Multi threaded c++ with gclib

Hello Toney,

 

In one word, gcaps.

 

With the gcaps server, when you issue the GOpen() function in your gclib application, you are actually opening a connection to the gcaps server and not the controller. The gcaps server then establishes the necessary handles/protocols for communication with the controller.

 

"Why the middle man?" you ask? Previous Galil APIs (like the GalilTools COM Library for example) opened an additional connection to the the controller each time the GOpen() equivalent was called. The number of available handles can vary from controller to controller, the DMC-40x0 has 8 handles while the RIO-47120 has 3 and these are often required for external peripherals. The gcaps server limits all communication with a host PC in the system to at most two handles, leaving the remaining handles open. In addition, this capability is not limited to Ethernet connections. Multiple applications or threads can connect communicate via the gcaps server over PCI and Serial/USB Buses as well. The routing and handling of both solicited and unsolicited traffic to separate threads and/or separate applications is handled entirely within the server.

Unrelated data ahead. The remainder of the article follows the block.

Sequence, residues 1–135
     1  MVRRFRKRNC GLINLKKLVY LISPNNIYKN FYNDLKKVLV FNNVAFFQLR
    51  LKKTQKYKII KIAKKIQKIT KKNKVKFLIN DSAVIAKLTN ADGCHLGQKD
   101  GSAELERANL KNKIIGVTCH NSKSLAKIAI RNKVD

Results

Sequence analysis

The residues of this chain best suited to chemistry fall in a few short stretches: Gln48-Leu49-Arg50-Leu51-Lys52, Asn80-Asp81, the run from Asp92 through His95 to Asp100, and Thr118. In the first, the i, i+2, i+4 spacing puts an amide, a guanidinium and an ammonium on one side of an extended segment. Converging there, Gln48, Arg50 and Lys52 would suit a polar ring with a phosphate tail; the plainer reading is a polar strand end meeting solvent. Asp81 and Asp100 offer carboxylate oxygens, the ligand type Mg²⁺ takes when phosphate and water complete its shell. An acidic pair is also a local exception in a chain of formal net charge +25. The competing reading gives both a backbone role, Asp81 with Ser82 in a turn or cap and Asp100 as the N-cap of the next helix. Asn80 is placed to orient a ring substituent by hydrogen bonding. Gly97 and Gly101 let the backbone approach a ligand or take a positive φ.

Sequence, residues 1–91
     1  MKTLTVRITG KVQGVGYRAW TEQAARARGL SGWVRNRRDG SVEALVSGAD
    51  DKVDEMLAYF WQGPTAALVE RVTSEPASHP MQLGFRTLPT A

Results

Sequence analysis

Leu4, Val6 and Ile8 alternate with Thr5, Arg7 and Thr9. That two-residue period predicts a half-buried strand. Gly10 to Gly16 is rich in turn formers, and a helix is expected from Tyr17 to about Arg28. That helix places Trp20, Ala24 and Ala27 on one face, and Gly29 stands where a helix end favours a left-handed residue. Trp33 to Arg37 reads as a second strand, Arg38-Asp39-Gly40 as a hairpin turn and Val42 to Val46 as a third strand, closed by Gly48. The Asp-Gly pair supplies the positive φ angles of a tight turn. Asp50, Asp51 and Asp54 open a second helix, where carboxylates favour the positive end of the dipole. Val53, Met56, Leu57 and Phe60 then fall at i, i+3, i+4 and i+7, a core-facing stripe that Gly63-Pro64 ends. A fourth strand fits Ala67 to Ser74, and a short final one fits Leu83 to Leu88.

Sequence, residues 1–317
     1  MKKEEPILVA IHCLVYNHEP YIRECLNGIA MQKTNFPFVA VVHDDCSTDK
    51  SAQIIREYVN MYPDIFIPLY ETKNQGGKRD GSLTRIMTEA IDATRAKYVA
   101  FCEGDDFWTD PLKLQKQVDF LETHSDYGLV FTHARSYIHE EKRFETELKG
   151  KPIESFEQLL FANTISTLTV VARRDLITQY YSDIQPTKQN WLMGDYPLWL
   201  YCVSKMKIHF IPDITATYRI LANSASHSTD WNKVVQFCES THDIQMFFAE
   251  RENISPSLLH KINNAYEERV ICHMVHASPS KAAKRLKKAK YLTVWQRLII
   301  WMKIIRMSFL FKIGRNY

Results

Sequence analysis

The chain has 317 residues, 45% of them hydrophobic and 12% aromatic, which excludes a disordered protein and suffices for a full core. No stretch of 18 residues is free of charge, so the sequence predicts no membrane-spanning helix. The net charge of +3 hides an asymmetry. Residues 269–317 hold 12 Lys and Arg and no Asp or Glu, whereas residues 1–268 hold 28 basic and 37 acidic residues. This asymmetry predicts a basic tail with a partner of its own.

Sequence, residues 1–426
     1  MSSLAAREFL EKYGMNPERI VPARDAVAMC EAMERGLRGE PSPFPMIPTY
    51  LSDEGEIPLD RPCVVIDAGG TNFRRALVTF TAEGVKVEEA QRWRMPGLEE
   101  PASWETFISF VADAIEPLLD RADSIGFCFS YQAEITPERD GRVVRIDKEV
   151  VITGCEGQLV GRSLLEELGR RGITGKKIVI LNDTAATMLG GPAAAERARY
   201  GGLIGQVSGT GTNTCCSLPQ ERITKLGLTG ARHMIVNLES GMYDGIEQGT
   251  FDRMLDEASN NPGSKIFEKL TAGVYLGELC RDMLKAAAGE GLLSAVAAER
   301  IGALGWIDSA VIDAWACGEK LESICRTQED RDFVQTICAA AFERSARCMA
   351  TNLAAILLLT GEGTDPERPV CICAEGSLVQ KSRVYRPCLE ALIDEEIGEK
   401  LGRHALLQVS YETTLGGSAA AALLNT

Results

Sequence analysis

When multithreading with gclib, it is crucial that each thread interact exclusively with it's own GCon Object to avoid inadvertently stepping on memory during program execution. In your case I would advise the following connection strings:

 

GCon galilCtrlCon=0;

GOpen("192.168.1.20", &galilCtrlCon);

GCon galilUnSolCon = 0;

GOpen("192.168.1.20 -s MG", &galilUnSolCon);

 

The only difference between the two GOpen calls is that the unsolicited connection 'subscribes' to unsolicited messages. Specifying which ports to connect to with the --p1 and --p2 switches is not necessary. This means that any messages coming from the controller to the gcaps server will be routed to this thread and any other thread and/or application that subscribes similarly.

 

Lastly, I would suggest changing the #JS statement in your dmc code to #JP. Each time #JS is called, the subroutine stack is added to. This stack is 16 deep, so your current code will throw an error after 16 runs (with a WT 2000, this is ~32 seconds).